Jump to Main Content
Assessing the long‐term carbon‐sequestration potential of the semi‐natural salt marshes in the European Wadden Sea
- Mueller, Peter, Ladiges, Nils, Jack, Alexander, Schmiedl, Gerhard, Kutzbach, Lars, Jensen, Kai, Nolte, Stefanie
- Ecosphere 2019 v.10 no.1 pp. e02556
- blue carbon, carbon dioxide, carbon sequestration, ecosystems, organic carbon, salt marshes, sediments, soil, stable isotopes, vegetation, North Sea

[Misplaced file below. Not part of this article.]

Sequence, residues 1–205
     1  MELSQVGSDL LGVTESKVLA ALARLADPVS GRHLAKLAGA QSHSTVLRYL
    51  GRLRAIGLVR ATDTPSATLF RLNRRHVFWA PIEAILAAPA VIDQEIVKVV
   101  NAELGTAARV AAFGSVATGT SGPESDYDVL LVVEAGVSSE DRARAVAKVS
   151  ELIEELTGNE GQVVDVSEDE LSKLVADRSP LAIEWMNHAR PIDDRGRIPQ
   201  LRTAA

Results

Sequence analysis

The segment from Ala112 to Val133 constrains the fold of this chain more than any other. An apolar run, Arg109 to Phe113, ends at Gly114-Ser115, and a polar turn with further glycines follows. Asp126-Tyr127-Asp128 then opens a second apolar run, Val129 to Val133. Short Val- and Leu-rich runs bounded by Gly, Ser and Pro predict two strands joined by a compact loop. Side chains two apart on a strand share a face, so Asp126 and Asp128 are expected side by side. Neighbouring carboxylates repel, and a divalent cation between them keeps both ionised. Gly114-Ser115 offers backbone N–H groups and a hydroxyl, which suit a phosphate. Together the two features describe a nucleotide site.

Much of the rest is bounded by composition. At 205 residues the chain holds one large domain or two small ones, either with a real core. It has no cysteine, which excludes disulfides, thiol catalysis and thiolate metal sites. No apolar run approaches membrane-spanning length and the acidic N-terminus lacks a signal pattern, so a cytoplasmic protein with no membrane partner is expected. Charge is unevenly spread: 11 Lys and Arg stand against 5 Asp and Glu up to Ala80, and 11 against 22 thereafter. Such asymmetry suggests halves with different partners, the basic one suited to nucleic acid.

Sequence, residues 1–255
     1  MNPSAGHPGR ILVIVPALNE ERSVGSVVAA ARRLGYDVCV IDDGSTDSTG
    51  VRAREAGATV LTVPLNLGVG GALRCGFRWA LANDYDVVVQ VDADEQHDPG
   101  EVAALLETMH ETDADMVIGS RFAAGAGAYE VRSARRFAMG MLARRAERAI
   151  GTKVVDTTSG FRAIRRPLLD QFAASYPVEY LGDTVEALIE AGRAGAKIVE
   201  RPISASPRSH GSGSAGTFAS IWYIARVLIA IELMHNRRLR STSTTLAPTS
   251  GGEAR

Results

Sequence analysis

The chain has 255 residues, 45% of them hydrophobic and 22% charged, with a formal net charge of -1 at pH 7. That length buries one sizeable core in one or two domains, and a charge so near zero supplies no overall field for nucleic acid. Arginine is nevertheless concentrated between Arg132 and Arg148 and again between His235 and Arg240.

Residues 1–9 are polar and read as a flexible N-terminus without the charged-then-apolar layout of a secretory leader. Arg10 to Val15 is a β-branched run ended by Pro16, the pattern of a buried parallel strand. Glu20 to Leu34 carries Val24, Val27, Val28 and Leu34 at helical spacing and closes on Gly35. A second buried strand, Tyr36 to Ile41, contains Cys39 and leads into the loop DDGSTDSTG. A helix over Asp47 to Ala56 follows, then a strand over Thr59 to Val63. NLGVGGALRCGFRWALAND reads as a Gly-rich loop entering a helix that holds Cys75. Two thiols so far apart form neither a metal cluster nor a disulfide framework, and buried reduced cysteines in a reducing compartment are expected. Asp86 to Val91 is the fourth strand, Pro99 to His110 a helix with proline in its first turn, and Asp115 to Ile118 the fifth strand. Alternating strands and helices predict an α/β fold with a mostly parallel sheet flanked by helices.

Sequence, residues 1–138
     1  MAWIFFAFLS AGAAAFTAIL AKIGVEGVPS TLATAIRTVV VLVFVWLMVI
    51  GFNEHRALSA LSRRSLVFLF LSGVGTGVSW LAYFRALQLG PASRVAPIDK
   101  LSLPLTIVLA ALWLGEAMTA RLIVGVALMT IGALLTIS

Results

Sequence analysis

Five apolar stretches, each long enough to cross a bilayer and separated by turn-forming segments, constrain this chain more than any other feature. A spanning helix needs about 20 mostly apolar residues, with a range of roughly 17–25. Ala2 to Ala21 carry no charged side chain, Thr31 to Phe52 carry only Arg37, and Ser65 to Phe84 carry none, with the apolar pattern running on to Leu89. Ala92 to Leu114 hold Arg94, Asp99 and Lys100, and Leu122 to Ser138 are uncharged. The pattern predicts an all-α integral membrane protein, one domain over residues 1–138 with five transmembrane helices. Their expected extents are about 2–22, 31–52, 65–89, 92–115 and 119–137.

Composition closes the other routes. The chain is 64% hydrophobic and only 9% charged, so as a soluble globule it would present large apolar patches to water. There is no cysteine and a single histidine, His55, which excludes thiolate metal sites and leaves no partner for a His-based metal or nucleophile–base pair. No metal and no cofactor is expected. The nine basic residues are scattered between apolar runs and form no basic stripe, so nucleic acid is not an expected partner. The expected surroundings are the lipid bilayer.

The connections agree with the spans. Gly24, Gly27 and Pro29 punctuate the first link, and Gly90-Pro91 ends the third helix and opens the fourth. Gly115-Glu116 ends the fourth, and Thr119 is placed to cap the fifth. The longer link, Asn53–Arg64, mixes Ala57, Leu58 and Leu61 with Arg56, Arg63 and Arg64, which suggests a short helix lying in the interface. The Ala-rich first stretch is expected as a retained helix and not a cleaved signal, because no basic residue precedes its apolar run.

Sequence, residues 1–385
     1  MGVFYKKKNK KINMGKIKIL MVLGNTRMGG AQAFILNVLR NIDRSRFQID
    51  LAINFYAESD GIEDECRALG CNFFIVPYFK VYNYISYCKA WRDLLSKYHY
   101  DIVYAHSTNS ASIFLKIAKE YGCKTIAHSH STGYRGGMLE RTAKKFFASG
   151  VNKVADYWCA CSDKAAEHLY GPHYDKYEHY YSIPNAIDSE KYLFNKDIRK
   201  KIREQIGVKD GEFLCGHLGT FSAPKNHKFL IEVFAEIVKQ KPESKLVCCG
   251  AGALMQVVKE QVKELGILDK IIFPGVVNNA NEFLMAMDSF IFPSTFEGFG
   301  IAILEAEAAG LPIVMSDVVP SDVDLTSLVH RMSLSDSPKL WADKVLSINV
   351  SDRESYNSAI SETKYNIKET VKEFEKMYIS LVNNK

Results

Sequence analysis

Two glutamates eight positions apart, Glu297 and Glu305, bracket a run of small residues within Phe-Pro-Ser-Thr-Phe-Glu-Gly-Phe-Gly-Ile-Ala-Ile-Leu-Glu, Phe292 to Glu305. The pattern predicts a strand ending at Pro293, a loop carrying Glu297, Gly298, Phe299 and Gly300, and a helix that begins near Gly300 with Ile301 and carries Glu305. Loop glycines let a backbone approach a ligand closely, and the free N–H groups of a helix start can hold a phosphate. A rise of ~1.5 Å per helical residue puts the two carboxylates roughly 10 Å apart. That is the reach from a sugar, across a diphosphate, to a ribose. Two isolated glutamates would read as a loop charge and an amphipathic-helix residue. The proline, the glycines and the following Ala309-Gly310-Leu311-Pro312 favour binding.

- Salt marshes and other blue carbon ecosystems have been increasingly recognized for their carbon (C)‐sink function. Yet, an improved assessment of organic carbon (OC) stocks and C‐sequestration rates is still required to include blue C in C‐crediting programs. Particularly, factors inducing variability in the permanence of sequestration and allochthonous contributions to soil OC stocks require an improved understanding. This study evaluates the potential for long‐term C sequestration in the semi‐natural salt marshes of the European Wadden Sea (WS), conducting deep (1.3 m) down‐core OC‐density assessments in sites with known site histories and accretion records. Because these young marshes have developed from tidal‐flat ecosystems and have undergone rapid succession during the last 80–120 yr, the identification of different ecosystem stages down‐core was crucial to interpret possible changes in OC density. This was conducted based on the down‐core distribution of different foraminiferal taxa and grain sizes. Comparisons of historic and recent accretion rates were conducted to understand possible effects of accretion rate on down‐core changes in OC density. δ¹³C in OC was used to assess the origin of accumulated OC (autochthonous vs. allochthonous sources). We show that large amounts of short‐term accumulated OC are lost down‐core in the well‐aerated marsh soils of the WS region and thus emphasize the importance of deep sampling to avoid overestimation of C sequestration. Despite steep declines in OC‐density down‐core, minimum values of OC density in the salt‐marsh soils were considerably higher than those of the former tidal‐flat sediments that the marshes were converted from, illustrating the greater C‐sequestration potential of the vegetated ecosystem. However, our data also suggest that marine‐derived allochthonous OC makes up a large fraction of the effectively, long‐term preserved OC stock, whereas atmospheric CO₂ removal by marsh vegetation contributes relatively little. The implication of this finding for C‐crediting approaches in blue C ecosystems has yet to be clarified.